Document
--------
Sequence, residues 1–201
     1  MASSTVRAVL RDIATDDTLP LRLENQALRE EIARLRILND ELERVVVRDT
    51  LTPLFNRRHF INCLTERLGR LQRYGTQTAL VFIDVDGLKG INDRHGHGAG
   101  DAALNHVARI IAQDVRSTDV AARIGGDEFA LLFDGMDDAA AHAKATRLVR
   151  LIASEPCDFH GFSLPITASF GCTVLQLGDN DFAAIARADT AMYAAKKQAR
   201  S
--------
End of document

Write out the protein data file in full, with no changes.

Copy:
Sequence, residues 1–201
     1  MASSTVRAVL RDIATDDTLP LRLENQALRE EIARLRILND ELERVVVRDT
    51  LTPLFNRRHF INCLTERLGR LQRYGTQTAL VFIDVDGLKG INDRHGHGAG
   101  DAALNHVARI IAQDVRSTDV AARIGGDEFA LLFDGMDDAA AHAKATRLVR
   151  LIASEPCDFH GFSLPITASF GCTVLQLGDN DFAAIARADT AMYAAKKQAR
   201  S